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  6. Just out of curiosity, what would an off-the-shelf meter look like for this kind of application?

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  7. Hi David,

    I'll take you up on this offer! I work directly with monitoring water in real-time and can lay the facts out to you.

    The quoted meter costs of $6500 per sensor is a low-ball figure. The equipment we currently use to measure flow in an open channel canal is called an ADCP. This is what is commonly used http://www.sontek.com/argonautsw.php . This is what the USGS, BuRec and other agencies commonly uses to measure flows in an open channel. It is considered to be accurate at 5%. The truth is that the accuracy will be a little less due to field conditions. The cost, by the way, is around $15-$17K for this instrument. That is just the SENSOR costs. Let's look at the other costs to bring in the information in real-time. The Sensor either connects to a data logger DCP or Programmed Logic Controller PLC. Minimum cost for this device is $1500. The Radio/Comm end will be another $1500 for a quality radio modem. All of this needs to be housed in a NEMA Enclosure. Adding misc costs - conduit, wiring and other consumable costs will be around $700. If it's a Solar site, add another $300.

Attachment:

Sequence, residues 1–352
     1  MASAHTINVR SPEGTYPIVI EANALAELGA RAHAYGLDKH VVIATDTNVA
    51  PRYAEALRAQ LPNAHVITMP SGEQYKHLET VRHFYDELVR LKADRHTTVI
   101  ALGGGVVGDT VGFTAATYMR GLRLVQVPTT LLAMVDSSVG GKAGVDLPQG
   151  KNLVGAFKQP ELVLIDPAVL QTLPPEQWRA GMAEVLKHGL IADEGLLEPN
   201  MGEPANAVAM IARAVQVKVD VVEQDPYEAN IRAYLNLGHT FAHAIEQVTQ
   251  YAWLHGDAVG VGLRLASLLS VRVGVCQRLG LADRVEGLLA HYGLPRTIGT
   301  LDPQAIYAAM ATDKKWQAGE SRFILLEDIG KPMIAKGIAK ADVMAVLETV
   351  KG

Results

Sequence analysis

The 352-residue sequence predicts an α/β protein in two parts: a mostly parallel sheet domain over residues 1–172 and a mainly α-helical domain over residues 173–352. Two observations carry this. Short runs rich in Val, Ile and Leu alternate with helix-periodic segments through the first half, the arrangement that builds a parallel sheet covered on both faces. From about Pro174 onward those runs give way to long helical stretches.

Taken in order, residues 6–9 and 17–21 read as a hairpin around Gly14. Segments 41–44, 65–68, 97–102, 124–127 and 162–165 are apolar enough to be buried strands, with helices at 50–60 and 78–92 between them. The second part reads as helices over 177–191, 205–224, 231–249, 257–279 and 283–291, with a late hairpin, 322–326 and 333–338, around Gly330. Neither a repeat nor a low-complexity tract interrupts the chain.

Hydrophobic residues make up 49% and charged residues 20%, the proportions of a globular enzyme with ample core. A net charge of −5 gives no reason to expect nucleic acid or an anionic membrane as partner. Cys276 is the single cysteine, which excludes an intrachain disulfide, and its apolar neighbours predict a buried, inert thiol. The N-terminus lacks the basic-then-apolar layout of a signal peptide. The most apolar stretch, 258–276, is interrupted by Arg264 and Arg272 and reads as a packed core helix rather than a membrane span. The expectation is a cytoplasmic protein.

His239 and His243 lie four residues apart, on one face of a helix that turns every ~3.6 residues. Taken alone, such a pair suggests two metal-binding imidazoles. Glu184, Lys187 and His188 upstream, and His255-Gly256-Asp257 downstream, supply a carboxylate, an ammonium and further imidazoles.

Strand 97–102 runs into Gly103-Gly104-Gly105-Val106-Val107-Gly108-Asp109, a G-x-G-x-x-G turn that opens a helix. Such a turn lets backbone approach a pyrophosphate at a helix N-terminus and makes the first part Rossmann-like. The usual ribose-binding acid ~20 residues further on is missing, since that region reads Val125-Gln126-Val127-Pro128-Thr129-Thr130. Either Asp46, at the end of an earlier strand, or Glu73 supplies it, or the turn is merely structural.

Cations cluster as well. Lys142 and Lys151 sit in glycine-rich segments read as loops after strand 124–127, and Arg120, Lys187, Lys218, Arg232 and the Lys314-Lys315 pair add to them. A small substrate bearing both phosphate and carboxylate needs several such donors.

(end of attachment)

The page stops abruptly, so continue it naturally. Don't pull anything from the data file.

I haven't added the labor costs of the installation or O&M costs yet.

    As you see - an inexpensive off the shelf accurate meter solution is not commonly available. There are more inexpensive solutions but the key word(s) here are accuracy and reliability.

    dg

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  8. I did a bit of google digging because I have looked at dirt simple industrial scale totalizing water meters and not seen anything near these prices.

    I found this article within 1 minute. http://edis.ifas.ufl.edu/ae106